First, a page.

[1] To some degree, one detects in Moyn’s always-stimulating work (see especially Human Rights and the Uses of History) a kind of “typically American leftism” which regards the American rebellion against supposed British “colonialism” as paradigmatic for all later radicalism. But the evidence might suggest that the American legacy, for all its importantly qualifying republicanism in the original sense (often now all too lacking in the UK), has tended to promote an ideological liberalism, whereas “conservative” Canada has actually been helped by its imperial and then commonwealth connections towards a more balanced social democratic and communitarian reality. I would tend to invert Moyn’s view as to the intrinsic superiority of the American international as opposed to the European imperial mission, for all the exploitative capitalist horrors of the latter. He tends to overlook the fact its positive aspects involved not just claims to “humanitarian missions” (which I think he also assesses somewhat unfairly, in equating them with the Iraq debacle today), but constitutional, legislative and cultural bequests, including the very possibility of nationhood and modern political governance which remain intensely valued in the “third world” today. And one could argue that the very worst horrors have been in fact the post-colonial ones, where an overly western model of nation-statehood has been pursued by corrupt local elites in collaboration with post-imperial, less constrained corporate economic forces, backed by western governments that have lost the fetters of any paternalist conscience. In this context it is maybe overly cynical of Moyn to see the recent new concern with torture since the 1970’s as merely our objection to “others doing it”—for the post-colonial states often resorted to a novel epidemic of torture in order to establish their rule in harsh circumstances, while, at least officially, the British imperial regime had started to outlaw torture and so implant the idea of its non-acceptability. Finally, however much policing the abolition of slavery did indeed help to extend British imperial power, one should not downplay the point, stressed by Moyn himself, that the animus against slavery came primarily from sincere developments in Christian thought, rather than from a rights discourse that can readily favor the ownership even of people. The fact that imperial advantage coincided with an ideal, only requires to be viewed cynically, perhaps, if one takes for granted that “empire” is a more sinister formation than the “nation state.” But the latter is equally the result of primary seizure and suppression of diverse populations and sometimes has proved far less hospitable to cultural diversity and international mediation. The latter always requires substantive empires or “post-empires”—the formal mediation of an organization like the UN in the name of “rights” being obviously useless. In this context the problem with the US might be said to be that it is just not naturally imperial enough. Rudyard Kipling and John Buchan were, unfortunately, wrong to think that the US was the UK’s natural international successor. In the future, British foreign policy must take cognizance of this and recover its independence, which will potentially allow it—despite its relative size and a host of  present and historical reasons—to play a globally pivotal role.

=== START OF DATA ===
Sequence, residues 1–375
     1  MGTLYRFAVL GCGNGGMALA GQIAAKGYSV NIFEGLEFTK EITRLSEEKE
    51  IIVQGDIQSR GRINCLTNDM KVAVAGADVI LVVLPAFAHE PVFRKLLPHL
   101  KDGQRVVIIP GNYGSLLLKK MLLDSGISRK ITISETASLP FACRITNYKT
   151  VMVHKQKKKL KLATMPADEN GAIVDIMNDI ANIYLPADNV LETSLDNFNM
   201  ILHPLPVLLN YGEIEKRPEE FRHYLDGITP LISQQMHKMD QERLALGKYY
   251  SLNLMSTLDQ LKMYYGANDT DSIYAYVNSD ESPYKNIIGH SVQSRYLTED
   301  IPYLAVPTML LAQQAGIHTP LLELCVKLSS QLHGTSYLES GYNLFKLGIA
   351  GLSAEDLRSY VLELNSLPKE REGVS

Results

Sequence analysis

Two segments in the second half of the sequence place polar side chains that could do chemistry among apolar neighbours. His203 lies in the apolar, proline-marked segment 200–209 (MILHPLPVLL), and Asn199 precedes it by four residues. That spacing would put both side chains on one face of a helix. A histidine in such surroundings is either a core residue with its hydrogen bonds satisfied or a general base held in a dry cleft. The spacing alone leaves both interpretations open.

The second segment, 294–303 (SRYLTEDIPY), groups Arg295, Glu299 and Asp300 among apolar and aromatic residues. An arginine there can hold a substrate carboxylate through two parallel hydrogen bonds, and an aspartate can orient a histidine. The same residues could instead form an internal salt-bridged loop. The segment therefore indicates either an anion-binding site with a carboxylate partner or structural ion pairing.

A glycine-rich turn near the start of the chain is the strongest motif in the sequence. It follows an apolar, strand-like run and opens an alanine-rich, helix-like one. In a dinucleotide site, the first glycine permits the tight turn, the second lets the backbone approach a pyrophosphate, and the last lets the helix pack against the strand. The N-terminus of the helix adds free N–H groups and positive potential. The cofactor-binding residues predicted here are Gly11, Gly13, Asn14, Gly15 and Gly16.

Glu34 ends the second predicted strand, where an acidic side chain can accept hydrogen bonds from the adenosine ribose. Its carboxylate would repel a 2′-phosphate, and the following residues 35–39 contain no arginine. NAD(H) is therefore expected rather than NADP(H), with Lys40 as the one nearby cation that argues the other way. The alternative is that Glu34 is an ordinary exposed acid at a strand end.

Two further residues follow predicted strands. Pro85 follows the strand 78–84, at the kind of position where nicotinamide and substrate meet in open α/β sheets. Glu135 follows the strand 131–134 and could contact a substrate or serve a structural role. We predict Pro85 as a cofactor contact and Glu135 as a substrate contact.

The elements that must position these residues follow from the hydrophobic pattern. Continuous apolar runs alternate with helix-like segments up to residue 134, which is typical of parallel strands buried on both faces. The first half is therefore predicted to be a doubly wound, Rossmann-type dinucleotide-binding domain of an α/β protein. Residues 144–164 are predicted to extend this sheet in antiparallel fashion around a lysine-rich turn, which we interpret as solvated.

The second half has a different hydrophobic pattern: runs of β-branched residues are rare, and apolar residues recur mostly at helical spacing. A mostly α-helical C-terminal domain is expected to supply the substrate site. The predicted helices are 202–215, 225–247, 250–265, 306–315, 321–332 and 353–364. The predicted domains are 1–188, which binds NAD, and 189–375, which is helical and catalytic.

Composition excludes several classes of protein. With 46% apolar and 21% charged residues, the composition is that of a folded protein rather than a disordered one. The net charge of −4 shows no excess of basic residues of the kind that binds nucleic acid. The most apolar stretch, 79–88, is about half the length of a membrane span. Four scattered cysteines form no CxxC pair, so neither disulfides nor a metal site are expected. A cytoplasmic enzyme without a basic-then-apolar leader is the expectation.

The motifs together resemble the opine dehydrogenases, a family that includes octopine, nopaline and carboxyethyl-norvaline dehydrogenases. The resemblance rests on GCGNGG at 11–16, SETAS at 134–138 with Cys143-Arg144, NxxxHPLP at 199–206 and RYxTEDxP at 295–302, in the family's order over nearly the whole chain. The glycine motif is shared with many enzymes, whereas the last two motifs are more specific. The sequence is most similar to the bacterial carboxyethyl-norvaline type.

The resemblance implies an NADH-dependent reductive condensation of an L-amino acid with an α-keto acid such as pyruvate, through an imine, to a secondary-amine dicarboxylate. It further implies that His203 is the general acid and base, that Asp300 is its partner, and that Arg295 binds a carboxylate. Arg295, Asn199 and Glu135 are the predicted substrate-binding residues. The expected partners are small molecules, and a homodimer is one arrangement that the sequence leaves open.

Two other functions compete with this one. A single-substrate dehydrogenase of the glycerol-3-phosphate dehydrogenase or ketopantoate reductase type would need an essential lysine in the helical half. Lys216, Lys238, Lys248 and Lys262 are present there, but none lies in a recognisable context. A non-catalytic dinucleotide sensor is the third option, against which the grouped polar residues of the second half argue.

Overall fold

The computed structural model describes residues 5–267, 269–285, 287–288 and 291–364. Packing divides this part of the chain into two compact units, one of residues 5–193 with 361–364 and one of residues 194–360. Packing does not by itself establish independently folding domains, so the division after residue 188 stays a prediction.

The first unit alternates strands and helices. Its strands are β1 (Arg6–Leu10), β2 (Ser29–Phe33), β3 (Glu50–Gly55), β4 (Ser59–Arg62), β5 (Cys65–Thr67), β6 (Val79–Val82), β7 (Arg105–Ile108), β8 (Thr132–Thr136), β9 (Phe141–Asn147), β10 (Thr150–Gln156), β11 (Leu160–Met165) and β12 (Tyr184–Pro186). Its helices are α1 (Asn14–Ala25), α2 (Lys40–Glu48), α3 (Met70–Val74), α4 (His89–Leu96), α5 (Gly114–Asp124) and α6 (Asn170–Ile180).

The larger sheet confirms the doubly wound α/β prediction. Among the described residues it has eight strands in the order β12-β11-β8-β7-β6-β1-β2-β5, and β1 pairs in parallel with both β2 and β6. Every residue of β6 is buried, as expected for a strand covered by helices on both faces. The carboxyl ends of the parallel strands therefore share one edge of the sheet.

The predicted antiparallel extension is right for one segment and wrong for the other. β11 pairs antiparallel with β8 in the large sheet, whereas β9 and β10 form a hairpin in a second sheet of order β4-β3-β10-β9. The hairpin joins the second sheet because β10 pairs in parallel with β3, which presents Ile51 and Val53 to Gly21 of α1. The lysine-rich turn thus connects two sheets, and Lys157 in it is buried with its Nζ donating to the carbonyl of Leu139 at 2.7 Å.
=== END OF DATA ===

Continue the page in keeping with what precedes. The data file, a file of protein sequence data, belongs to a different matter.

John Milbank

John Milbank is Emeritus Professor of Politics, Religion and Ethics at the University of Nottingham where he is also President of the Centre of Theology and Philosophy. His most recent book, written with Adrian Pabst, is The Politics of Virtue: Post-Liberalism and the Human Future.